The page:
area.

dragon

Dragon
October 8th 04, 04:44 PM
(Iain) wrote in message >...
> I have a semi-indoor cat. I want to make her an outdoor one so I don't
> have to worry about her escaping through any of the many exits(patio
> doors, conservatory, etc). I live in a cat-friendly neighbourhood but
> my cat six months old has only been out on a liesh thrice a week on
> average for about ten minutes each time. She was off the liesh briefly
> during that time.
>
> I think she has enough experience of outside to not stray, and is a
> really clever, neuteren, girl, but she's my first cat and I want to be
> sure. How can I?
>
> ~Iain

As others have noted, I would not advise you to make your cat an
outdoor cat. Indoor cats can live to be over 20 years old. I believe
the average age outdoor cats live to be is under 10.

To be frank, I don't understand why you're worried about her escaping
if you're going to make her an outdoor cat! That just doesn't make
any sense. If you're going to make her an outdoor cat, why are you
worried if she gets out? The potential for her getting into trouble
is much higher if she's out all the time than if she's just out for
the afternoon...

If you're worried about her getting lost, I would advise you to get
her a collar with a name tag. That way, folks who encounter her will
know she's not a stray. Some well-meaning people will take a cat
without a collar to the local shelter. If you make it a collar in a
contrasting color to her fur, it will make her easier to describe if
you ever have to go looking for her. When our indoor cat got out for
three days last fall, it was *very* helpful to ask, "Have you seen a
black cat with a red collar?" since there were other black cats in the
area.

dragon

Tiger Girl
October 8th 04, 10:02 PM
>To be frank, I don't understand why you're worried about her escaping
>if you're going to make her an outdoor cat! That just doesn't make
>any sense. If you're going to make her an outdoor cat, why are you
>worried if she gets out? The potential for her getting into trouble
>is much higher if she's out all the time than if she's just out for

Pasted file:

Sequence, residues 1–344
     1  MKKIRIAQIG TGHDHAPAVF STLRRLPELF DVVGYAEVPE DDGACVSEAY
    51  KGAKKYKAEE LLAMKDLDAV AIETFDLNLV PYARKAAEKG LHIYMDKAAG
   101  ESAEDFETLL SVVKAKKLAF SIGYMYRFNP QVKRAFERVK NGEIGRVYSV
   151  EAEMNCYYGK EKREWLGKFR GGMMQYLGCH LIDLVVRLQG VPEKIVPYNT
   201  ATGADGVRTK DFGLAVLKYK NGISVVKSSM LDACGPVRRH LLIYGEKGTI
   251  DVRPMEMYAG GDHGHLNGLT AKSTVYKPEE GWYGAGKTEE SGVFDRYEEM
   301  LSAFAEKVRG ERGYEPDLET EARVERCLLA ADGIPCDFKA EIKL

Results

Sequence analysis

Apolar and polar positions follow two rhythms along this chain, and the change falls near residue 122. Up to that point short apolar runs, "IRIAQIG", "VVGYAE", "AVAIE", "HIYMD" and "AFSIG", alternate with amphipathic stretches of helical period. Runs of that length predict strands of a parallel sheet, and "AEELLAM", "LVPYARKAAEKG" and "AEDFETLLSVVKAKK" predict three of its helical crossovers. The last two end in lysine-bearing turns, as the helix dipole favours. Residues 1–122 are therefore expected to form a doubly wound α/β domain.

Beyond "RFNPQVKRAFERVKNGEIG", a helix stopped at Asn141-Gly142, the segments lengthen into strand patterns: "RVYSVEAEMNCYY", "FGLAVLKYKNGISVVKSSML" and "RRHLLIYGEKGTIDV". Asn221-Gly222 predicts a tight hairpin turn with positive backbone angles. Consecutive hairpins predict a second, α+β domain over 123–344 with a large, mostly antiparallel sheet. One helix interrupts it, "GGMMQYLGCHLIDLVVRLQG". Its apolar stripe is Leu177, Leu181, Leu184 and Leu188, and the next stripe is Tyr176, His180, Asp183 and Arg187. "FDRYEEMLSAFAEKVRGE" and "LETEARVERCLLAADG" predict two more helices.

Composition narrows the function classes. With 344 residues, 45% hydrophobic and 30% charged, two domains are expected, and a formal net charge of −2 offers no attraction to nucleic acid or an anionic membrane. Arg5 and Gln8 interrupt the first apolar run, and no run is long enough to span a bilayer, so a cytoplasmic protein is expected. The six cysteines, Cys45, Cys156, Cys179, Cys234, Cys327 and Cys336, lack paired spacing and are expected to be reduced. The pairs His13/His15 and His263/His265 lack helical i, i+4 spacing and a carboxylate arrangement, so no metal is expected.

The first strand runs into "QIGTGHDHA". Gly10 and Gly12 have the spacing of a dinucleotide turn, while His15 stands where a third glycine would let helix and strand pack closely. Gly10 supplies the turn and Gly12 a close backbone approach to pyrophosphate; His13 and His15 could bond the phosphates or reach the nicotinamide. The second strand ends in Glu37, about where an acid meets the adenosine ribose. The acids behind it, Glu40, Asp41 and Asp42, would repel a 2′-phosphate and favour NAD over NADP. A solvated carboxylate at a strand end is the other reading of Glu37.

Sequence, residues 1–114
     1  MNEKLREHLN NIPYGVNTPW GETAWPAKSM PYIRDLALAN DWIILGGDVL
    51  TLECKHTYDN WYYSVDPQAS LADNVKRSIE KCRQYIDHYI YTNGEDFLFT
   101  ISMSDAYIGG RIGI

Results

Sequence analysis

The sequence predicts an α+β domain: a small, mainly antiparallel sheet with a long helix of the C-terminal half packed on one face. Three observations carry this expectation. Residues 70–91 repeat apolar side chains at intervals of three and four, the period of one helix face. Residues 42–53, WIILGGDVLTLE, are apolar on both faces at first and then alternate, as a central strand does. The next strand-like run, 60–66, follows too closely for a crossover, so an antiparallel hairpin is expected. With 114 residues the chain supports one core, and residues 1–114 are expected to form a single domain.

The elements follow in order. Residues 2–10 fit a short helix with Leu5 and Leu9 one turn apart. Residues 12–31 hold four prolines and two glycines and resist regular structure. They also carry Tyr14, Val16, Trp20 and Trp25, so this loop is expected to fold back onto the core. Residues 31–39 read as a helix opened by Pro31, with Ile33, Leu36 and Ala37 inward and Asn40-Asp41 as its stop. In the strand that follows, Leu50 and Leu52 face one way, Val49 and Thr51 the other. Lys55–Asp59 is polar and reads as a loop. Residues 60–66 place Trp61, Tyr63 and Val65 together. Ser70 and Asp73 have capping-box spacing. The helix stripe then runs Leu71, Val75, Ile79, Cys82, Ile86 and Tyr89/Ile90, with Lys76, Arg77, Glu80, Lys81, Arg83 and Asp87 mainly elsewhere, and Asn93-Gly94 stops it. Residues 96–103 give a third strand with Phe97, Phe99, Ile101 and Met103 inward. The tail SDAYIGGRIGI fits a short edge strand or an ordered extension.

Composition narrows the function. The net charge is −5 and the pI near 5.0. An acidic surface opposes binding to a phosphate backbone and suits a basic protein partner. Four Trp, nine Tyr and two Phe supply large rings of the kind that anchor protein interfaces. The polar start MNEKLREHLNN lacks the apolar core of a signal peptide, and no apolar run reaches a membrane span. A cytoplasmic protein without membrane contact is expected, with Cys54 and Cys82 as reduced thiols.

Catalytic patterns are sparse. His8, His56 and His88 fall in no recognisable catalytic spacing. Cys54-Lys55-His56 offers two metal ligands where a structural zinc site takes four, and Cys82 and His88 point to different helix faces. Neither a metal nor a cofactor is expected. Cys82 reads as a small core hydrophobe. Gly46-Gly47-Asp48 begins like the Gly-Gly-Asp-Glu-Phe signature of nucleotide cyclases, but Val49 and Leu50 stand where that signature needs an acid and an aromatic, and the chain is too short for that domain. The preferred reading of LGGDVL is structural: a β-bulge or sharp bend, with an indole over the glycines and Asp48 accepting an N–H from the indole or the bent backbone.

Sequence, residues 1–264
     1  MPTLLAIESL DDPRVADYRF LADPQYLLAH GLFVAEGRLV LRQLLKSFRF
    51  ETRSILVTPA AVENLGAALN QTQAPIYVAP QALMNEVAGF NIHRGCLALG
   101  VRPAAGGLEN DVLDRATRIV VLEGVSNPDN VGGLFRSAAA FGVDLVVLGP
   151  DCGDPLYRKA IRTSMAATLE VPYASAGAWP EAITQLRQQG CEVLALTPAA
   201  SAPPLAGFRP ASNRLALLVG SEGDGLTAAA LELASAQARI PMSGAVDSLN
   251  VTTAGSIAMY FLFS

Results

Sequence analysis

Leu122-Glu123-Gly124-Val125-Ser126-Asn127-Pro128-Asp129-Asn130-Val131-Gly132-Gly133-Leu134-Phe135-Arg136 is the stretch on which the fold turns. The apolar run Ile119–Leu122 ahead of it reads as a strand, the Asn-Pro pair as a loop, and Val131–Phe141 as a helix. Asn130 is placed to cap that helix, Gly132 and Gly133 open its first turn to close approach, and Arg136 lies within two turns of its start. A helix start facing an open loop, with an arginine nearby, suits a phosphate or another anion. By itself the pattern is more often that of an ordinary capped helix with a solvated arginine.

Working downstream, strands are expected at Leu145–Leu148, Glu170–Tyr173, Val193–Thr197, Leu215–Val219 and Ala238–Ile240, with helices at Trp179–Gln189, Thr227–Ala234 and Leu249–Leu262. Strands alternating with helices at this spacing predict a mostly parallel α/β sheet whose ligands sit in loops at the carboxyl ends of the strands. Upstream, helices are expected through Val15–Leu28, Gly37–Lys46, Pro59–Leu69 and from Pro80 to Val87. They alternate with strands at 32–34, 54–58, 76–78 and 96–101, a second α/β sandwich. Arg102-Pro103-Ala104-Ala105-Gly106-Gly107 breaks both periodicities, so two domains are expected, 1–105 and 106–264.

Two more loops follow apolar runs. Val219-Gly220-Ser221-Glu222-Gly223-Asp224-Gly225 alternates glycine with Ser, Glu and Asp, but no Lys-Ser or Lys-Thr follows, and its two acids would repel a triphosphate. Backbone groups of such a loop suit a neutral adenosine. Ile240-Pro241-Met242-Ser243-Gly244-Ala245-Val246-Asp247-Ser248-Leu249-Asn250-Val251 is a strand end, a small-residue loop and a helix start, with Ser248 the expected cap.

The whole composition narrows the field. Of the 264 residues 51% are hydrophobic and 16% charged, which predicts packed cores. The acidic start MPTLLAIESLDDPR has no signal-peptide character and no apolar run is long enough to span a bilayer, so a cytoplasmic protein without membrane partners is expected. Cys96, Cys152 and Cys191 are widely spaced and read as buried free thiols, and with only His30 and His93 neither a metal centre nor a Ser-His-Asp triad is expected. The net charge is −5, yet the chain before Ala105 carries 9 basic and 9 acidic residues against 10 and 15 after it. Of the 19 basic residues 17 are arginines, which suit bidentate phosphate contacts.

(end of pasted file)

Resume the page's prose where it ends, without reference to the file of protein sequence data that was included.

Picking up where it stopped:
>the afternoon...

I think that "outdoor cat" must be a misnomer here. It sounds like he
concerned that his indoor cat will escape and that it will not have
the skills it needs in order to survive until he collects it from the
out-of-doors. Hence, Judy's suggestions about taking the cat for a
couple of strolls and getting it used to the neighborhood.

I think the point about the risks of outdoor cats is good, but I don't
think it's as much of a problem in Britain. They don't have rabies,
and they don't have nearly as many urban wild critters as we do in the
states or in Australia. Dogs, yes, and those are a risk, but not
coons, coyotes, venemous snakes, etc. I don't know what the density
of cat-poisoning lunatics is where this guy lives.

The thing I'd have to worry about with my cat is ingestibles. He's an
indoor cat, but he really like to go outside once in a while. I let
him out on the patio when I'm working outside in the garden & can keep
an eye on him (he doesn't understand "car" very well). He considers
the Great Beyond as his personal salad bar and has a taste for
blade-shaped foliage...like daylilies.

On the other hand, at the ripe and ancient age of 17 he has just, and
I mean _just_ discovered that mice are edible. He's always enjoyed
playing with them whenever he could find them inside, but he would
just play with them until they died, and then he'd sit on them. The
Tibby Trademark was a squashed kind of effect.

Now he lives with my fiance in an old house. All of a sudden last